Its history in antiquity is unknown. It became the Turkish village of Nenizi east of Ak-Serai (formerly Archelais), in the Ottoman villayet of Koniah, but has sometimes been wrongly identified with Diocaesarea.
At the beginning of the 4th century Nazianzus was suffragan to Caesarea Mazaca; under Emperor Valens it formed part of Cappadocia Secunda, the metropolis of which was Tyana. Later it became part of Cappadocia Tertia and depended on its Metropolitan of Mocessus. Finally it became a metropolitan see itself under Diogenes.
In 1370 it was united to the metropolitan see of Caesarea Mazaca (modern Kayseri).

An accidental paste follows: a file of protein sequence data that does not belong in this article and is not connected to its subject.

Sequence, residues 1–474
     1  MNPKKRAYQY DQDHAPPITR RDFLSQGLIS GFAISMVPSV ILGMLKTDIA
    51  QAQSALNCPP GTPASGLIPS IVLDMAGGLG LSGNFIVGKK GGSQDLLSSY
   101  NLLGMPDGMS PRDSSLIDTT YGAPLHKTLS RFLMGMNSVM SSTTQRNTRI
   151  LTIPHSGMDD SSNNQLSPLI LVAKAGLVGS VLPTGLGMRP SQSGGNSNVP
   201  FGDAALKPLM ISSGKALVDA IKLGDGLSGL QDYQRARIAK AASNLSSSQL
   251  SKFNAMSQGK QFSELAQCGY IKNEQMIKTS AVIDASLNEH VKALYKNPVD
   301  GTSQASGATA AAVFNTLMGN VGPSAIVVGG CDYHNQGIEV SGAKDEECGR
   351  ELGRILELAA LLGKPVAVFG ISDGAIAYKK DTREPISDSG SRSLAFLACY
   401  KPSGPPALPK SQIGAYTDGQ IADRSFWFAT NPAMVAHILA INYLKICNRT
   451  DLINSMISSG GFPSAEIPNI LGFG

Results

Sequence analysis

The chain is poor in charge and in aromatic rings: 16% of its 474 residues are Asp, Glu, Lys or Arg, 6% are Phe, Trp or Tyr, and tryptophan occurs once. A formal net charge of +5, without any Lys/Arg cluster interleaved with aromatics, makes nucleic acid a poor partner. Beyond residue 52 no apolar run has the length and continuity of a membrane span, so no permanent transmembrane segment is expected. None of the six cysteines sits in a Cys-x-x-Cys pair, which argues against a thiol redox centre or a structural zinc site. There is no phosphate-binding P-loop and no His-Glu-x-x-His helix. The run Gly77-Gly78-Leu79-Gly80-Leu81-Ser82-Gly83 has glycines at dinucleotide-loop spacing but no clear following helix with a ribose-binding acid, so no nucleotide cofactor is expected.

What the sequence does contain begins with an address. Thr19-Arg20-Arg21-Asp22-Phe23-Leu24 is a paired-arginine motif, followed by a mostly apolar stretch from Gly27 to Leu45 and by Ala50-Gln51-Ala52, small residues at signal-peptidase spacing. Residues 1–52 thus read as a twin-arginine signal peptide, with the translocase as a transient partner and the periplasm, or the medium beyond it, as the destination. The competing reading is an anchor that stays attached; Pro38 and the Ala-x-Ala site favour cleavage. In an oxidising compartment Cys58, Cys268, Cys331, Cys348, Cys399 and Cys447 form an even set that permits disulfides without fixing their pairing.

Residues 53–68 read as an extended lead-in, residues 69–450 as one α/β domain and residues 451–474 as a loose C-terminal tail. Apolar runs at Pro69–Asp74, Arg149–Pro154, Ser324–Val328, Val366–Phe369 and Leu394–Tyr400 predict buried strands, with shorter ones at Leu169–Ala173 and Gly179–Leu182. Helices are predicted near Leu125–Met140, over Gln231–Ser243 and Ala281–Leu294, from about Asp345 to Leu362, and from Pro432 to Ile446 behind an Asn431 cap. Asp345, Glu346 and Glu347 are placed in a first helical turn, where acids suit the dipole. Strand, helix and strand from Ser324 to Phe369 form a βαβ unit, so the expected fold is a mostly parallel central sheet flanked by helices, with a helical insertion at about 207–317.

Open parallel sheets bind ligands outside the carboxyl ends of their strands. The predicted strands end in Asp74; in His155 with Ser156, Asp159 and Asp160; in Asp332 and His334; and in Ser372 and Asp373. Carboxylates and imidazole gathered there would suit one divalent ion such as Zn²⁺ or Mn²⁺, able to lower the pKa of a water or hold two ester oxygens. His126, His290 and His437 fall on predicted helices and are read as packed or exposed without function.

Up to the year 1200, fourteen of its bishops are known. Its name is inseparably connected with its illustrious doctor and poet-bishop, St. Gregory of Nazianzus, who became bishop of Constantinople and Doctor of the Church. His father Gregory of Nazianzus the Elder had been a member of a Jewish-pagan sect called the Hypsistarians but was converted to Christianity and became Bishop of Nazianzus.
- Saint Caesarius of Nazianzus
- Gregory of Nazianzus the Elder
- Gregory of Nazianzus
- Cappadocian Fathers
- St. Nazianz, Wisconsin
- Herbermann, Charles, ed. (1913). "Nazianzus". Catholic Encyclopedia. New York: Robert Appleton Company.
- Annuario Pontificio 2013 (Libreria Editrice Vaticana, 2013, ISBN 978-88-209-9070-1), p. 937